fixed points in data

For far too long now, whenever someone shares my “graphics matter” series of posts, someone pipes up with a response that can be summarized as:

“We don’t know how many firearms there are in America, so we cannot draw any correlation or causation conclusions between firearms and the people they kill.”

It is time I address this notion.

The first phrase of the sentence is actually correct.  Not only are firearms a durable good – meaning that firearms produced before the Revolutionary War could still be used today so long as they were properly maintained – but national registration of non-NFA-regulated firearms is outlawed by the Firearm Owners Protection Act.

As well it should be – the government simply has no business knowing what I own.

“But that means the second phrase of the sentence has to be correct, right?”

Well, no.

The entire point of the “graphics matter” series is to examine the correlation of the number of firearms in America with the number of firearm-related fatalities or crimes in America, as well as the per-population rate of the same.  The fun thing about correlating two data sets is that you do not need to know their starting points.

“Wait, what?”

It is one of the fundamental aspects of correlation, really. “Positive correlation” means that “as data set A increases, data set B also increases”. “Negative correlation” means that “as data set A increases, data set B also decreases”.

An important distinction I want to make before moving on is that this does not mean A’s increase causes B’s increase, or vice versa, or anything of the sort.  The world is full of correlations that have no causal relationship with one another.

The important detail is this – you are looking at the rate of change. The “slope”, for those of you who remember… what was that, high school algebra?

But rate of change – slope – is determined between two points, and is completely independent of Y-intercept, or any starting point. As long as point 1 is separate from point 2 by the expected difference, it doesn’t actually matter what the individual values are.

In other words, the slope between the X/Y data points of 1/100 and 2/200, and the slope between the X/Y data points of 1/0 and 2/100 are exactly the same, despite the values being different.

It is kind of whacky to think about, but in most-basic terms, 2x+10 has the same slope as 2x+100, but entirely different values, and both correlate against 4x in exactly the same way (they both have a correlation value of 1 with respect to 4x).

In fact, since this is a graphically-related site, let us look at an example.

chart

Here we have a plot of 2X + 10, 2X + 100, 4X, and X raised to the power of 1.5 over time.

As I mentioned above, both 2X + 10 and 2X + 100 correlate to 4X with a coefficient of 1, meaning that as the first two equations increase, the third equation also increases, and the ratio of the increases is always the same.  This makes sense – all three are straight lines, meaning their slope is constant along their lengths, so comparisons between those slopes will always be equal.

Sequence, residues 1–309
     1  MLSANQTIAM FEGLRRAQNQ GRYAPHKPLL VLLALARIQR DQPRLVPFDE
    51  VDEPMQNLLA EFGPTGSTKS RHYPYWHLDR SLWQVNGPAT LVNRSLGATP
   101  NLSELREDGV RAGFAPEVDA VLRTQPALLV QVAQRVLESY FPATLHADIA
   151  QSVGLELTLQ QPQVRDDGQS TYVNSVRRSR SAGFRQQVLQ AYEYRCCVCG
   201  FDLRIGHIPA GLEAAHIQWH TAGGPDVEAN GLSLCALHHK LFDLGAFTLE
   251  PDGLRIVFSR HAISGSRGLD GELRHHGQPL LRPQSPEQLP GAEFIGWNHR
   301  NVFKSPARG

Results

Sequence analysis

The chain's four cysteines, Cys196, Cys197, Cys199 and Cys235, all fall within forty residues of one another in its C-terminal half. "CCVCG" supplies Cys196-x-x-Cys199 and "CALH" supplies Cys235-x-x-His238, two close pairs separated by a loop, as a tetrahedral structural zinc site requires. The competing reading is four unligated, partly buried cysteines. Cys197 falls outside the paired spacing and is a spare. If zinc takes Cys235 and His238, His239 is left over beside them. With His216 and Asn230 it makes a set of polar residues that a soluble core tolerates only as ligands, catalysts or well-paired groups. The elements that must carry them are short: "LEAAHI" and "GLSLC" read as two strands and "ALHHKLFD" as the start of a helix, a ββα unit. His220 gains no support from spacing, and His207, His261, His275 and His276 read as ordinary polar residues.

However, both of the first two equations correlate with X^1.5 with a coefficient of 0.99052.  Why?  Well, the slope of the fourth equation changes over time, since it involves a power.  The first two equations do not have the pronounced curve of the fourth, so their growth does not mirror the fourth’s growth, no matter how different that growth might be (as when comparing the first two equations with the third).  However, all three equations are increasing over time, hence their very strong correlation (coefficients can range from 1 to -1).

But the point – that I am perhaps belaboring – is that the first two equations have the exact same correlation with any other equation or line you care to throw on the chart with them.

Why does this matter?

We really do not have any idea how many firearms are in America.  We never will.  I use the 2003 Small Arms Survey as the basis for my “graphics matter” series because it was the most-current when I started the post series, and changing reference points midway through is generally bad.

But I literally could have started in 1981 with the (atrociously flawed) assumption that there were no firearms in America, and the math would still work out exactly the same.

“Uh… why?”

We will never know how many firearms there are in America at any given time, but we do have a very accurate accounting of how many firearms are produced and imported into the country every year.  The BATFE’s Firearms Commerce in the United States Annual Statistical Update provides us that data back to 1986, and then the Shooting Industry News covers the remainder.  How can this be so accurate?  National registries may be outlawed, but all new firearms commercially produced must be uniquely serialized, and must be declared to the BATFE at the end of the year.  The penalties for “fudging” numbers are… severe.

We have the yearly production data.  Which means we have the rate of change – the slope.

Likewise, we have a… noticeably less-accurate, but still-considered-reliable accounting of the American population and the number of Americans who were killed by other people using firearms at the CDC WISQARS Fatal Injury Report.  I refer to this as “less-accurate”, because I have personally witnessed the CDC correcting data five years past; while I would prefer accurate data over leaving the inaccurate data, it annoys me that, for example, they got the American population wrong by 300,000 residents in one year.

Having to go back and update my data aside, we have the yearly numbers of firearm-related fatalities, which means we can calculate the rate of change.